3. Load the film:

Follow the instructions provided with your camera to load the film properly.


4. Advance the film after each shot:

After taking a shot, you need to advance the film to the next frame. Follow your camera's instructions to do this, typically by winding the film advance lever or pressing a button.


5. Finish the roll:

Continue taking photos until you've reached the end of the roll. Most 35mm rolls have 24 or 36 exposures.


6. Unload the film:

Once you've used up all the exposures, follow your camera's instructions to rewind the film back into the canister. Be careful to do this in a dark or dimly lit room to avoid exposing the film to light prematurely.


7. Develop your film:

Take your exposed film to a professional photo lab (see list below) or use a film development kit to develop your images. You can also explore home development if you're feeling adventurous. (more info see below)

Here are some recommendations for films:


Colour film:


1. Kodak Colourplus

A staple in every film lover’s arsenal! Kodak Colourplus produces beautiful warm tones and mid saturation in every photo. Its affordability and versatility make it a great film to use every day.


2. Fuji Superia X-tra 400

This cool-toned film is great for landscape photography. Being ISO400, this film is versatile as you can use it for both day and night photography. It is also easy to use for beginners and you can expect beautiful photos to turn out every time.


3. Fujicolour C200

If you would like to go on a photo-walk on a sunny day out, this is the film for you! Fujicolour C200 is a cool-toned film that has a wide exposure latitude which means that you can take photos under the bright sun without overexposing your shots.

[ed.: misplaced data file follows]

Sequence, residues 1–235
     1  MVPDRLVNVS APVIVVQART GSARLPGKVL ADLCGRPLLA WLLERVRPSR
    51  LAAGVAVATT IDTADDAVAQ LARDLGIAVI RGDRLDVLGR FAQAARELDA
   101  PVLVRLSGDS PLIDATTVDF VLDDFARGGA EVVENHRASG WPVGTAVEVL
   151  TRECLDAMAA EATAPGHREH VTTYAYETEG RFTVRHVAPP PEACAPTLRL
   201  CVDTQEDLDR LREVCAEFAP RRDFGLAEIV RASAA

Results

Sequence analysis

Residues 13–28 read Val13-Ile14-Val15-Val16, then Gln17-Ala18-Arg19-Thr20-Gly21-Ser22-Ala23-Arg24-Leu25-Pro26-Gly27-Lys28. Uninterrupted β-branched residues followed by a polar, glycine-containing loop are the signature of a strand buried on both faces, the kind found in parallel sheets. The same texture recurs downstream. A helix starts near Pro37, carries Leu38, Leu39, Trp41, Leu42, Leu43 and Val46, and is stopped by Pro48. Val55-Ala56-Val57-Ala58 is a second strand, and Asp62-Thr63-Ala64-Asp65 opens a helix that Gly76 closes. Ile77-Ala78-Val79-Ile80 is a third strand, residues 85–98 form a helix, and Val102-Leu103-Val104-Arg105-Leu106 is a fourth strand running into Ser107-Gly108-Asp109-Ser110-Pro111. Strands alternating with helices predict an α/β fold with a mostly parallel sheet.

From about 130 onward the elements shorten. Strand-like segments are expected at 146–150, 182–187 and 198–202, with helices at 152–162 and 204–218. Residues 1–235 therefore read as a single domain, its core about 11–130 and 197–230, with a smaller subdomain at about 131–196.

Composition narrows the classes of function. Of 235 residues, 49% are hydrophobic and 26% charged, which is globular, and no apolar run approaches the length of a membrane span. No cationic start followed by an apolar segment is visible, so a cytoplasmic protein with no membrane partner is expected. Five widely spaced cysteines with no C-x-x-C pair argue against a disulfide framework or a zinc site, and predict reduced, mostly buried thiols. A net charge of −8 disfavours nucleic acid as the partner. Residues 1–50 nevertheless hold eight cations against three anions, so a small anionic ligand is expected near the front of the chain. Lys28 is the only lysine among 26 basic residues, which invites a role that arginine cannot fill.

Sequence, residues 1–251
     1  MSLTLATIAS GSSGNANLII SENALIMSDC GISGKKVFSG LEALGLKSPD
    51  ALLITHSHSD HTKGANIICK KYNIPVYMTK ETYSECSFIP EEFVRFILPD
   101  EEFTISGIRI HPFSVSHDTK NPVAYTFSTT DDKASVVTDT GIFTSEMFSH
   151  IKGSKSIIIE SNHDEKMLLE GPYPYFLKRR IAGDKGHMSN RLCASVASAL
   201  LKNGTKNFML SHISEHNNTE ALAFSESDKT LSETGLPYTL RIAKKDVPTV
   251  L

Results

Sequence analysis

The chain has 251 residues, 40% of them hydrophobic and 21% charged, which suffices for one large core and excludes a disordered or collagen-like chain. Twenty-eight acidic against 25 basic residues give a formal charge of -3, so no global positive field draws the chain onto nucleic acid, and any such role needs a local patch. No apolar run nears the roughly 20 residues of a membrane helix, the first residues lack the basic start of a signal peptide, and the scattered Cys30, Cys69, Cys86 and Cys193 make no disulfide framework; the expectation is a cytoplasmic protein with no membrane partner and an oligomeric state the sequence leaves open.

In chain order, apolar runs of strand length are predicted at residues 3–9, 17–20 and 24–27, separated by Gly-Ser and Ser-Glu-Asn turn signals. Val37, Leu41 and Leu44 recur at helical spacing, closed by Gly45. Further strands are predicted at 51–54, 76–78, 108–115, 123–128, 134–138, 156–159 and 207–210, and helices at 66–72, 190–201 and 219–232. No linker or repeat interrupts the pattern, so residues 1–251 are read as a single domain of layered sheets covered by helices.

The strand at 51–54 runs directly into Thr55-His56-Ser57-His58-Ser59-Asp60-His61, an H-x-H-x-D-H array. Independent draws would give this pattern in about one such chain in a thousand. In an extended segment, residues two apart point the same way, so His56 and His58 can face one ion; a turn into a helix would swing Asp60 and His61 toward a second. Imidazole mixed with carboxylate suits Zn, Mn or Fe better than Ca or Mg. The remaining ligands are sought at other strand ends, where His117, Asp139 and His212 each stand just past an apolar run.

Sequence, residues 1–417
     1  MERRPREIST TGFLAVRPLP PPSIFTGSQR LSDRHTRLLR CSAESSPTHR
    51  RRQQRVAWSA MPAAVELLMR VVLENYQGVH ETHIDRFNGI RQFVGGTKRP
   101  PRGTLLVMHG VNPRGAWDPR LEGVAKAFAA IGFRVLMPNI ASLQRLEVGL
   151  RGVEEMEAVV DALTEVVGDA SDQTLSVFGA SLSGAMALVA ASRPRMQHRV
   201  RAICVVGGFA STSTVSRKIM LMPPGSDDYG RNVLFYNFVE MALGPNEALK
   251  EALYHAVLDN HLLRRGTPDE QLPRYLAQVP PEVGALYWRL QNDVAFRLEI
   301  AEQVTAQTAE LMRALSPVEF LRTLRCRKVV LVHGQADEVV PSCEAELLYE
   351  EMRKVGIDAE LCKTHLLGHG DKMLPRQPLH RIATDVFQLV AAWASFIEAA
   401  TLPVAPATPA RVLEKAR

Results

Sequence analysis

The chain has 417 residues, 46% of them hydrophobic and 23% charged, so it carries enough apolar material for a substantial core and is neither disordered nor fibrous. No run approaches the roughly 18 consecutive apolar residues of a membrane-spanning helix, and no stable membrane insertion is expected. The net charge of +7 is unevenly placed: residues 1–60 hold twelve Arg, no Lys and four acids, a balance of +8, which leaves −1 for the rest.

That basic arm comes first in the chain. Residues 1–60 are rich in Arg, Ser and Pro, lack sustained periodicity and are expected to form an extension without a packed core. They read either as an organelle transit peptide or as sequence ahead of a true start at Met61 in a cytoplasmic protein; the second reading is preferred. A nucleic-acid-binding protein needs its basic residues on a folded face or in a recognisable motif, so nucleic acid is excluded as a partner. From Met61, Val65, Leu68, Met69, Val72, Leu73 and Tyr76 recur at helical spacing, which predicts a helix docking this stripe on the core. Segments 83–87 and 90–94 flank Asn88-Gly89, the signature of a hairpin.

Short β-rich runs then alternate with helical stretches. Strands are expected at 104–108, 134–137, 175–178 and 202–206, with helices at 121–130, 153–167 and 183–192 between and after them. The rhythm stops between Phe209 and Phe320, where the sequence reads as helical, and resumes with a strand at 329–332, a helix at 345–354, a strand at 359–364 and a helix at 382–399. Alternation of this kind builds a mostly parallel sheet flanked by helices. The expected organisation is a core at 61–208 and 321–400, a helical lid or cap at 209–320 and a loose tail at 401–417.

4. Kodak Ultramax 400

In love with the vintage aesthetic? If you are, you definitely have to try this film out. Kodak Ultramax has a strong yellow tinge, creating the perfect vintage look for your photos. It is also a versatile film for both indoor and outdoor shots.


5. Kodak Proimage 100

Kodak Proimage 100 is a budget-friendly film that is a must for any beginner to try. It is more suited for outdoor photos than indoor shots, and it works beautifully for portraits as well.


6. Kodak Portra

Famous for producing beautiful portraits, give this film a try if you love to feature people in your photos. It is also a great film for capturing the golden hour! It is also suitable for indoor and night shots as well. Kodak Portra comes in various ISO, such as ISO160, ISO 400, and ISO 800. Choose one that best fits your photography style!


7. Kodak Gold

A beautiful warm-toned film that is perfect for everyday photography. It is very easy to get this film. It is relatively cheap as well, which makes it a great film to use freely without worrying too much about the cost!



Black and white film:


8. Kentmere 400

It offers an excellent dynamic range and a consistent aesthetic, making it beneficial for those learning the nuances of black and white photography.


9. Ilford Delta 100

A fan of taking landscape photos? Then, Ilford Delta 100 is the film for you. This film can produce beautiful landscapes and even macro shots with its fine grain and high contrast.


10. Kodak Tmax 400

With its smooth grain and medium contrast, this is one of the best black and white film for portraits. It has a ‘smoothening’ effect on skin tones so that your subjects will turn out beautiful in your photos.


11. Ilford HP5 X

It is a very versatile film with medium contrast. This film allows you to push to ISO1600 with no loss in quality! It also allows for night shooting without a tripod.



There are several film labs in Brussels where you can have your film(s) developed after the walk, or you can of course do it yourself. I personally have used Studio Baxton up to now and was always happy with the results.